October 15, 2018

Writing Student Wins Million-Dollar Screenplay Competition

By Phenia Hovsepyan

Students in the John Wells Division of Writing for Screen & Television regularly enter screenwriting contests. So, when senior Stanley Kalu saw an email announcement for The LAUNCH, a writing competition with a million-dollar prize, he knew he had to enter. “I heard about The LAUNCH through the Office of Industry Relations. They send us regular emails about upcoming festivals and competition opportunities,” says Kalu. Sponsored by JRU Studios LLC, in partnership with the screenwriting website Screencraft, The LAUNCH offered at least one million dollars in film financing and a $50,000 education grant to the winner. The competition was only open to students enrolled in an accredited institution, although they could be from any country around the world. It was underwritten by philanthropists Chuck and Marni Bond, who wanted to support college students in the Arts.

Like every other upperclassman in the Wells Writing Division, Kalu had a finished script he could submit: The program requires students to write a full-length feature by the end of sophomore year. Titled The Obituary of Tunde Johnson, Kalu’s story is about a wealthy black high school senior who falls victim to police brutality.

Kalu, who is an international student at SCA, was born in Nigeria and grew up in several African countries. By the time he came to Los Angeles he had experienced many examples of black culture. Still, having never lived in a country where he was a minority, he was shocked by institutional racism in the U.S., particularly around the issue of police brutality. At the same time, Kalu observed that the LGBTQ community was more accepted in America than anywhere else he had lived before.  The juxtaposition of these experiences plays out in his character Tunde Johnson’s story.

Zachary Green, who ran the competition with his producing partner Jason Shuman, says Kalu’s script felt raw and honest. “When we read these screenplays we didn’t know what school they went to, where they were from in the world, if they were male or female. The thing that stood out the most to Jason and myself, as well as the others on the judging panel, was the rawness of emotion, the amazing characters, and the subject matter that’s in the zeitgeist today about racism, police brutality, and LGBTQ issues all wrapped up in this story about Tunde and how he deals with these issues in his life.” Green says the quality of the submissions overall was far better than they expected, and rivaled some of the best writing they have seen in their decades-long careers. “They were incredible, and I think one of the major reasons why is these are unfiltered, uncorrupted new voices writing about what they know.”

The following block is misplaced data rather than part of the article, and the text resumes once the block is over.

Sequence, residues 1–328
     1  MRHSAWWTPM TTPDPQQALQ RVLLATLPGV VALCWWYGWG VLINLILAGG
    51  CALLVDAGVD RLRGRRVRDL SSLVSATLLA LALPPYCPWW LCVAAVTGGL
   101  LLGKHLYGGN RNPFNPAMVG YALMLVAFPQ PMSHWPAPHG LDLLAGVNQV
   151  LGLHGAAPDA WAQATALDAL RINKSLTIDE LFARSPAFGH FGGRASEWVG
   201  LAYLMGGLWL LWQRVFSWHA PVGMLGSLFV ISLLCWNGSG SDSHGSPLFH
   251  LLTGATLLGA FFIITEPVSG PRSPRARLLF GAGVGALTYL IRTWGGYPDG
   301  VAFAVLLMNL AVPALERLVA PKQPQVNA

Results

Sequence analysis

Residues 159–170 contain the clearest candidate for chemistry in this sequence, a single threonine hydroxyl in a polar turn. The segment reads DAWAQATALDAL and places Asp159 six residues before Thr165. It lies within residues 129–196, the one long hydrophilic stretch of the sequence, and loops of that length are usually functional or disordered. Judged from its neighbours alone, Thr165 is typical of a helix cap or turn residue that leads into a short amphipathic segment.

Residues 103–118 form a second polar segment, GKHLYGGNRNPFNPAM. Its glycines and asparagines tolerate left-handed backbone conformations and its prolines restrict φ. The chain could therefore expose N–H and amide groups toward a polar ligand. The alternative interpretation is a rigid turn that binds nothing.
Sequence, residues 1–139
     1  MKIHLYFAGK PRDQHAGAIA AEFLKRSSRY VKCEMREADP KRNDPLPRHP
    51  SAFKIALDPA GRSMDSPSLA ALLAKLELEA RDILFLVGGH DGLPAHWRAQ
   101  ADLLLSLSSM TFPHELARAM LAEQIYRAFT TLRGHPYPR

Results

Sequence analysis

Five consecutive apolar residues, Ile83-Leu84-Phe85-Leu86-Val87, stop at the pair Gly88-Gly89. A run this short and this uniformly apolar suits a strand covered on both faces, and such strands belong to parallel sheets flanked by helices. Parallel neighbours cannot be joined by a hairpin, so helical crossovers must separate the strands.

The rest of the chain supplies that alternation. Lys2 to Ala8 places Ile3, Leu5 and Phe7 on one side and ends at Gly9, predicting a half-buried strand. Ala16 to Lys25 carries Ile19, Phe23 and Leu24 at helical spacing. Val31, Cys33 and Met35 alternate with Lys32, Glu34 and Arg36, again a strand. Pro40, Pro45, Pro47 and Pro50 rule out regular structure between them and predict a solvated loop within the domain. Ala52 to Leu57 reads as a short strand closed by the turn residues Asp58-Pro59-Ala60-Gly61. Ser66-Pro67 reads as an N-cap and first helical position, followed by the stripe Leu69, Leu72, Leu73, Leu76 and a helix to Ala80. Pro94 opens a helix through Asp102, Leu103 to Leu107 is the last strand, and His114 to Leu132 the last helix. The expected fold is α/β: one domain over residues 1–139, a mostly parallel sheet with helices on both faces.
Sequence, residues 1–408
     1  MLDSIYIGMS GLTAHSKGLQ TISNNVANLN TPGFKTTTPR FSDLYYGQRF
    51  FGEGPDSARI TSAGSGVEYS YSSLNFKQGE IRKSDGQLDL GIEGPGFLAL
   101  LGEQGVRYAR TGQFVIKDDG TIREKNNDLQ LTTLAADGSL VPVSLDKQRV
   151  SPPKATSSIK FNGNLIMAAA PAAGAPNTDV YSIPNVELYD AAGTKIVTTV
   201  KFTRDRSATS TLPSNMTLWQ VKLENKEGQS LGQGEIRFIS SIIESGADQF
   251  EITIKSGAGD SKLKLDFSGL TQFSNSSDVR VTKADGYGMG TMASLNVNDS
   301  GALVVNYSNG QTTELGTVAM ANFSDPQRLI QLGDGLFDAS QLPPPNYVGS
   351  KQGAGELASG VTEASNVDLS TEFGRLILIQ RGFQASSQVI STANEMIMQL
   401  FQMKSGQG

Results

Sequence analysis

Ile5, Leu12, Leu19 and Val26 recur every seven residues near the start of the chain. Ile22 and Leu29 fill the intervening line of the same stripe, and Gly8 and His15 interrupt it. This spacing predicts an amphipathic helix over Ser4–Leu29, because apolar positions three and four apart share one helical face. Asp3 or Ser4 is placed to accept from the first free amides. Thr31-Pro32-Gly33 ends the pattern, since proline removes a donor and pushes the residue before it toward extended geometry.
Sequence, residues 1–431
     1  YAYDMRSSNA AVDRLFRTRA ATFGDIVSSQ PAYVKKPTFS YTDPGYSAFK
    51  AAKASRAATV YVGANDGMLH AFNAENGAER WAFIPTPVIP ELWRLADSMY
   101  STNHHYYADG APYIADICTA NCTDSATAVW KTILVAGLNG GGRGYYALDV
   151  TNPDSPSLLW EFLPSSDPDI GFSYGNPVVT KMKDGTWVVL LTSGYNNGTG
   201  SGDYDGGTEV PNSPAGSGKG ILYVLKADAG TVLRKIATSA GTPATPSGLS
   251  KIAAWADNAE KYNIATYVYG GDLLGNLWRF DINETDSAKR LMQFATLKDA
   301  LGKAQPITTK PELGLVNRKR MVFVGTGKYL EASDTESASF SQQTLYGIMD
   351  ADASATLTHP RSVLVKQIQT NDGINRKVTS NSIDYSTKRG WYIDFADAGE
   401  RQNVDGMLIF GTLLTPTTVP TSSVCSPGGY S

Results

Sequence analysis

The Obituary of Tunde Johnson is already in development, with production beginning at the end of October. Having a film in production while you’re still juggling school is not an easy task, but Kalu’s professors are helping him figure out the balance. "We're proud of Stanley and all the hard work he has done to reach this point,” says Professor Jack Epps, who Chairs the Wells Writing Division. Another SCA Writing student, Sammy Sultan, placed 7th in The LAUNCH completion with a script titled Felix's Bar Mitzvah. “Our students excel because of the extensive training they receive to create, develop and write professional caliber screenplays as part of our curriculum. They are taught by professionals to be professionals,” says Epps, adding that The LAUNCH seemed like “a great platform to enter the Industry."

Kalu says the experience of winning The LAUNCH has been “life-changing” and has encouraged his plans to create cutting-edge work about the black experience. “I want to make work that pushes film as a medium past it’s established boundaries, and do so in a manner that works to humanize the peoples’ of the African Diaspora.”